Back in March, together with our partners, we announced plans to build the world’s largest global Intercloud. We consider this global network of clouds to be the next phase of cloud computing and a key part of the Internet of Everything.
Open and Secure Hybrid Clouds
This energy continues. In the following video, our partners share how they’re integrating our ACI and Intercloud strategies to meet the needs and demands of their customers. I find the diversity of comments and approaches our partners share in the video enlightening. Their projects represent a broad spectrum of technologies, highlighting the breadth of impact that the Intercloud will have on us all. I can see why they are all so excited and why ‘Intercloud’ is fast becoming an industry term.
As I write this, it’s World Cup time, reminding me of an old saying that in football (or soccer, as we Americans call it) there are two types of players: piano players and piano movers. Piano players perform magic with the ball. They score most of the goals … and get the big endorsement deals. Piano movers, on the other hand, toil in relative anonymity. They don’t win many style points, but they get the job done.
In some ways, Interactive Voice Response (IVR) is a lot like being a piano mover. IVR is a mature, reliable, technology that’s often used to provide automated self-service to callers as a front-end to a contact center. IVR has minimal “wow” factor, and in fact it’s occasionally derided (typically due to bad application design). Yet more businesses are using it now than ever, because IVR is still one of the most cost effective ways to provide customer service.
People are often surprised when I tell them that Cisco is the world’s #1 IVR vendor--by a wide margin. Some of the world’s largest, most mission-critical IVR systems are built on Cisco. Moreover, Cisco was recently honored to receive a “Strong Positive” rating (the highest level) from Gartner in their annual IVR Marketscope report. In particular, Gartner noted Read More »
Despite having spent most of a weekend stood in mud, rain and thunderstorms at the Glastonbury festival, I’ve spent time since happily reflecting on some of the amazing collaboration between performers over the three days. Aside from the various bands, whose members (presumably) work closely together all the time to perfect their sound, there were some fairly unlikely partnerships on display too. Dolly Parton and Richie Sambora from Bon Jovi rocking to “Lay Your Hands on Me” for example. Or Ed Sheeran and Rudimental ripping it up in the middle of an electrical storm.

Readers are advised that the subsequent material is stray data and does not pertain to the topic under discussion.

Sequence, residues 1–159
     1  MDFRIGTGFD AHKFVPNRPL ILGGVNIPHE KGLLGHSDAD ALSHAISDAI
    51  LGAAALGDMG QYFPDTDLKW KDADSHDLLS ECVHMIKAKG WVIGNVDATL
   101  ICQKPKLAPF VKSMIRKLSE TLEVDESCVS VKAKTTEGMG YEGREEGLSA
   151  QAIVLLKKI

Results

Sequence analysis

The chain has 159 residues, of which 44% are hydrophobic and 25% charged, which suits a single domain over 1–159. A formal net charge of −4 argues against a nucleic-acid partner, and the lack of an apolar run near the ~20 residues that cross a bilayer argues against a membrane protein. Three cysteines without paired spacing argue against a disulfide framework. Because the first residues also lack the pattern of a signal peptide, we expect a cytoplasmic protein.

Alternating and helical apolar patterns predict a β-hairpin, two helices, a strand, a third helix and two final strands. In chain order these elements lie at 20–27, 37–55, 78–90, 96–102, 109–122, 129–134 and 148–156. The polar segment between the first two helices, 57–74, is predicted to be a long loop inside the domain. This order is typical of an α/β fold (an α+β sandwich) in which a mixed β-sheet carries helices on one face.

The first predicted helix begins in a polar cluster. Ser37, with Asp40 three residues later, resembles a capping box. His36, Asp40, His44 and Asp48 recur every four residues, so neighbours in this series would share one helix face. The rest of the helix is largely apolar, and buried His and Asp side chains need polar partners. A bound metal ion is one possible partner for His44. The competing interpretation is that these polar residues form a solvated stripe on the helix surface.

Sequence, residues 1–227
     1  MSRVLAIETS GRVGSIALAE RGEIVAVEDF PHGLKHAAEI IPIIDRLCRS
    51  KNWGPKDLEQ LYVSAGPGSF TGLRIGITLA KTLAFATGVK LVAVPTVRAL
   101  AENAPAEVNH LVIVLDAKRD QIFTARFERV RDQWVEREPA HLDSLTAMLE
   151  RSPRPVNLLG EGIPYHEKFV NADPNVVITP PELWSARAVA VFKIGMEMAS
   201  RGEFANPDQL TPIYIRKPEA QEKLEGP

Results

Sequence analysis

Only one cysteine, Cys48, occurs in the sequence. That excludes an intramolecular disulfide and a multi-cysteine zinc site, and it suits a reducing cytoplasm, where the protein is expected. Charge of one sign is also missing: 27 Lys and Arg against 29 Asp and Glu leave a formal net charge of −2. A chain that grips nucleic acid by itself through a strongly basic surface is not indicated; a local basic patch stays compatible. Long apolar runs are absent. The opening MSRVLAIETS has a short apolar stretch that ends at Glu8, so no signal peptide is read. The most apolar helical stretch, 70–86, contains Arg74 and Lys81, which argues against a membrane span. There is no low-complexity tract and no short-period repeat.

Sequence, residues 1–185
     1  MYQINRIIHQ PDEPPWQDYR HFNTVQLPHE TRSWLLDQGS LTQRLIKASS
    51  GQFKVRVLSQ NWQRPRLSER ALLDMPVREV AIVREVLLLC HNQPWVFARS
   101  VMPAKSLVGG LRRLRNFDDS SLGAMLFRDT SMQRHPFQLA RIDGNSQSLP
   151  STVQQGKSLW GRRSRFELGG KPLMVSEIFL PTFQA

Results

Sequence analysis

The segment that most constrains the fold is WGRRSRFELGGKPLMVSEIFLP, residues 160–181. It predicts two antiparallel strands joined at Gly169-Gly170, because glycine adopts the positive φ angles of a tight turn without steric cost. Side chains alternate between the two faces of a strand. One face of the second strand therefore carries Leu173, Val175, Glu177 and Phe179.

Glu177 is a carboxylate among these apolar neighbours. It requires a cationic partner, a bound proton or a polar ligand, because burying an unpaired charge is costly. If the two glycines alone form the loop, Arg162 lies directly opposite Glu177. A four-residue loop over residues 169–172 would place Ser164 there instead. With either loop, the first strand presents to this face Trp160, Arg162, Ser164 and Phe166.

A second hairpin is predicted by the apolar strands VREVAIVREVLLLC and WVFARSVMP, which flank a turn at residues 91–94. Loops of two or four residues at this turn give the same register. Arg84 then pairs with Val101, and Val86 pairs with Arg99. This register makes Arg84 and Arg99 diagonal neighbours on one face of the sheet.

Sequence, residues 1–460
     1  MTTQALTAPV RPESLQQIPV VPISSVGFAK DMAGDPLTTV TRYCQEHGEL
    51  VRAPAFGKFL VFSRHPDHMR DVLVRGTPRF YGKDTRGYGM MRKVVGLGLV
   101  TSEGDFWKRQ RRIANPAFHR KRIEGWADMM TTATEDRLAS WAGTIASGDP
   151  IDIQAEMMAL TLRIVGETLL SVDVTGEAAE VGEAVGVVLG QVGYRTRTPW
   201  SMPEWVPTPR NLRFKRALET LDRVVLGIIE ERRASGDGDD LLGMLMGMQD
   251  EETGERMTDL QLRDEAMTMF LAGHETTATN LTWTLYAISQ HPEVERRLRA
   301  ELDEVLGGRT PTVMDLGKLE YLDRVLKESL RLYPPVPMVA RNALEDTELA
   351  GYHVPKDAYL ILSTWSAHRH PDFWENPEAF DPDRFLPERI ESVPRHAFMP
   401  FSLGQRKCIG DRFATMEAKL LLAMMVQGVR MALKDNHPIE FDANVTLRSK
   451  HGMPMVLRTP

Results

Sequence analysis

These combinations got me to thinking about how businesses with very different skill sets and competencies frequently come together to collaborate. For small to midsized businesses the ability to collaborate effectively with partners, suppliers and customers is often critical to success.
Many organizations collaborate specifically to accelerate growth and innovation. According to the Plante Moran 2013 Innovation Survey of 4,225 business leaders, 94% of respondents felt that Innovation was important to sustainability and growth. And three quarters felt that collaborating would increase their chances of success with innovation, with the majority open to sharing financial risk and reward.
I’m working on one of those magical cross-functional projects where we’re trying to combine multiple efforts into one result. Today, we have several tools created and managed by different groups of smart people with good intentions. For the sake of simplicity, I’ll call these tools wrenches. Not surprisingly, the wrenches have slightly different designs, definitions, purposes, and priorities. And they meet the parameters of the groups that created them. All good, right?
A challenge: The people who use the wrenches don’t always know which wrench to pick. It’s often a challenge to know which one to use or even that there’s a whole toolbox of them.
In fact, some of the people who created wrenches weren’t aware of other wrenches so similar to theirs. Granted, it’s a big toolbox with a lot of drawers. And it’s not always easy to find stuff. Or people find a wrench that works, but would be even better with a slightly different angle along the thing-a-ma-jig. Ta da, yet another wrench!
A bright idea popped up: Let’s simplify things for the people who use wrenches. Let’s align information, share resources, build connections, and work together. Let’s build a wrench – or coordinated set of wrenches — that’s easier to find, use, and understand. So, someone dug through the toolbox and brought brought together all the toolmakers to collaborate. Read More »
It’s clear that many of you understand the benefits of creating activity-based work environments. You want to create spaces in which employees can work wherever, whenever, and with whomever they need to in order to deliver results for your customers. You know you can attract the best talent by removing geographical barriers. You want to create environments that foster productivity and innovation. Your business can save on CapEx, space requirements, and energy costs.
So how do you get started with workplace transformation? Is it time to start ripping out cubicle walls and reclaiming conference rooms as team huddle spaces? Not quite.
Workplace transformation is about more than just the physical environment. It’s about how you enable people to work together better, no matter where they are. And the best way to do that is to fully understand the needs of your workforce – both current and future. And to identify how your employees can best support the needs of your customers and your business.
I asked my colleague Hans Hwang, our vice president of Collaboration Advanced Services, how companies can get started. Here’s some of his advice: Read More »